Greek and Roman Gods
In Greek mythology, twelve gods and goddesses ruled the universe from atop Greece's Mount Olympus. Zeus (Roman name: Jupiter). The most powerful of all. Facts and information on the many Greek gods and goddesses of ancient mythology. From the Olympian gods and goddesses down to the minor gods and . The Roman and Greek cultures developed from a distant base of IndoEuropean culture. The Romans were exposed to Greek mythology before they were great.
This succession myth and the ascendance of Zeus and the Olympian Gods over the chthonic powers of Gaea and her off-spring echoes the introduction of the patriarchal Indo-European sky-gods into the Mediterranean world and the subordination of the Great Goddess.
Myths and Legends
Scholars examining the remains of Minoan culture have wondered whether it was a matriarchal society. There is no certainty to this conclusion, but for the historical period of Greek culture extending from at least the eighth century B.
With the supremacy of Zeus and the other Olympian gods established, Gaea's position is eclipsed. Demeter, the sister of Zeus, incorporates many of the aspects of the Great Goddess, while the different functions of Gaea are divided among goddesses.
Greek vs. Roman Gods
Under the Olympian Gods, earth and heaven are split eternally. In myth heroes and gods are created to dominate and subjugate the female and natural forces over and over again in various forms, the most common of them being gigantic snakes and serpent monsters.
The chthonic identity of the Great Goddess becomes associated with powers of darkness, chaos, and death that need to be subdued by the Olympian gods. What had been cyclical with the Great Goddess becomes cut so that instead of being associated with the cycle of life, death, and regeneration, she becomes identified with the negative functions.
Metope from the Temple at Selinus c. Pegasus, the winged horse that sprang from the severed neck, is being held by Medusa. Perseus gave the head of Medusa to Athena who mounted it on her breastplate, the gorgoneion.
A comparison of one of the large number of representations of the story of Perseus Medusa from Archaic Greek art to the Minoan Snake Goddess illustrates the profound change that occurred with the supremacy of the Olympian Gods. A striking aspect of the Snake Goddess is her frontality combined with her hypnotic stare. The power of this stare was probably intended to strike the original viewers with intense religious feelings of of terror and awe.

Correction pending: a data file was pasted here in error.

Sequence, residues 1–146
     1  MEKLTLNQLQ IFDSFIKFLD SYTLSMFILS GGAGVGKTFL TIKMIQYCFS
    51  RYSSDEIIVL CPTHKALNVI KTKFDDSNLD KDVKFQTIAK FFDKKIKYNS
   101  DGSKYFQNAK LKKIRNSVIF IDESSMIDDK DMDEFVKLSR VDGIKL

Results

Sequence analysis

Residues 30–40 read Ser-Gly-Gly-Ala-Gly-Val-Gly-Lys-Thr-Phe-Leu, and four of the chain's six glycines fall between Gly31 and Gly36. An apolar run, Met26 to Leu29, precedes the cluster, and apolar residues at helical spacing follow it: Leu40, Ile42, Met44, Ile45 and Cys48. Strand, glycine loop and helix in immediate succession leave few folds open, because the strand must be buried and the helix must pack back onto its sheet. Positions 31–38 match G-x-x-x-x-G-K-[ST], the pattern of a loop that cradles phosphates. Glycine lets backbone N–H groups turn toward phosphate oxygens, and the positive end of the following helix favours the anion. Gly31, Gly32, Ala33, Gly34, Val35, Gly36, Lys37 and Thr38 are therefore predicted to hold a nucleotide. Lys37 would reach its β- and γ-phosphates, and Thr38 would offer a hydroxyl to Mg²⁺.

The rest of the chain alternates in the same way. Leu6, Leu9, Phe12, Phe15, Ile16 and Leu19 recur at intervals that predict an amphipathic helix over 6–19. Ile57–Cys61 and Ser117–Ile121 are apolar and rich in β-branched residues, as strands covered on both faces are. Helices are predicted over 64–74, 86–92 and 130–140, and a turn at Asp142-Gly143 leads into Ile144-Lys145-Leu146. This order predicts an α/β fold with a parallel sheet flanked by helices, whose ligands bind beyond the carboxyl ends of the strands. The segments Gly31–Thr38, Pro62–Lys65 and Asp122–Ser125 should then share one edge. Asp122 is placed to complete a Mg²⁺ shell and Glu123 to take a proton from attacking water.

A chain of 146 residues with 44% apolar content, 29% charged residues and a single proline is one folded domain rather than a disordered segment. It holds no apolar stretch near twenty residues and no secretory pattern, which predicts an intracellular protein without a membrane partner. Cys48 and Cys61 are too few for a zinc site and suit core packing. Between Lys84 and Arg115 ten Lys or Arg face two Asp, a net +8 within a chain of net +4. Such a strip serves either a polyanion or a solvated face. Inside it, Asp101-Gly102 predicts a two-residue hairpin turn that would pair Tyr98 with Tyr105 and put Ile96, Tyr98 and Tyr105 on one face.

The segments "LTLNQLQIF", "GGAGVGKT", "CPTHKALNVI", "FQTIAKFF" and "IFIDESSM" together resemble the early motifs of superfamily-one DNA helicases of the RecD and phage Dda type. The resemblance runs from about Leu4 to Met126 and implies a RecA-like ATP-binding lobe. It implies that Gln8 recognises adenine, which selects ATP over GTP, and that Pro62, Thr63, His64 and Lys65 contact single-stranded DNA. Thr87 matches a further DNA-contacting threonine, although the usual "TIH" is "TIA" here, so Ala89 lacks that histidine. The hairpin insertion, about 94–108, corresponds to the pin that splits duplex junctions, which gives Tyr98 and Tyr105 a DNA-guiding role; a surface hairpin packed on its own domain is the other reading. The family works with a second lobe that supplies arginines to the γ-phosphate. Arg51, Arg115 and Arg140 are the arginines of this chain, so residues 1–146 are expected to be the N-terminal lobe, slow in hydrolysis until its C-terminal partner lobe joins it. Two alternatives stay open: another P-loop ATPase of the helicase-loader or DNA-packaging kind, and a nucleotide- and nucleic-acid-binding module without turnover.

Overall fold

This expression transcends categories of good and evil. On the other hand, it was the sight of the "terrible" visage of Medusa that would turn men into stone.
The powerful gaze in the Minoan work becomes entirely negative and demonized and something to be overcome in the figure of Medusa. Perseus, the son of Zeus and the mortal Danae, slays Medusa with his sword, and thus he destroys the terrifying chthonic powers of the female for more on Medusa see the paper by Alicia Le Van.
The following excerpt from Bullfinch's Mythology illustrates how the demonization of Medusa persists into our modern imagination: Medusa was a terrible monster who had laid waste to the country. She was once a beautiful maiden whose hair was her chief glory, but as she dared to vie in beauty with Athena, the goddess deprived her of her charms and changed her beautiful ringlets into hissing serpents. She became a cruel monster of so frightening an aspect that no living thing could behold her without being turned into stone.
Early Roman divinities included a host of "specialist gods" whose names were invoked in the carrying out of various specific activities. Fragments of old ritual accompanying such acts as plowing or sowing reveal that at every stage of the operation a separate deity was invoked, the name of each deity being regularly derived from the verb for the operation.
Tutelary deities were particularly important in ancient Rome. Thus, Janus and Vesta guarded the door and hearth, the Lares protected the field and house, Pales the pasture, Saturn the sowing, Ceres the growth of the grain, Pomona the fruit, and Consus and Ops the harvest.
Even the majestic Jupiterthe ruler of the gods, was honored for the aid his rains might give to the farms and vineyards.
In his more encompassing character he was considered, through his weapon of lightning, the director of human activity. Due to his widespread domain, the Romans regarded him as their protector in their military activities beyond the borders of their own community. Prominent in early times were the gods Mars and Quirinuswho were often identified with each other.
Mars was a god of war; he was honored in March and October. Modern scholars see Quirinus as the patron of the armed community in time of peace. The 19th-century scholar Georg Wissowa  thought that the Romans distinguished two classes of gods, the di indigetes and the di novensides or novensiles: Arnaldo Momigliano and others, however, have argued that this distinction cannot be maintained.
The Romans commonly granted the local gods of a conquered territory the same honors as the earlier gods of the Roman state religion. In addition to Castor and Polluxthe conquered settlements in Italy seem to have contributed to the Roman pantheon DianaMinervaHerculesVenusand deities of lesser rank, some of whom were Italic divinities, others originally derived from the Greek culture of Magna Graecia.
In BC, Rome imported the cult object embodying Cybele from Pessinus in Phrygia and welcomed its arrival with due ceremony.
Both Lucretius and Catulluspoets contemporary in the mid-1st century BC, offer disapproving glimpses of Cybele's wildly ecstatic cult. In some instances, deities of an enemy power were formally invited through the ritual of evocatio to take up their abode in new sanctuaries at Rome.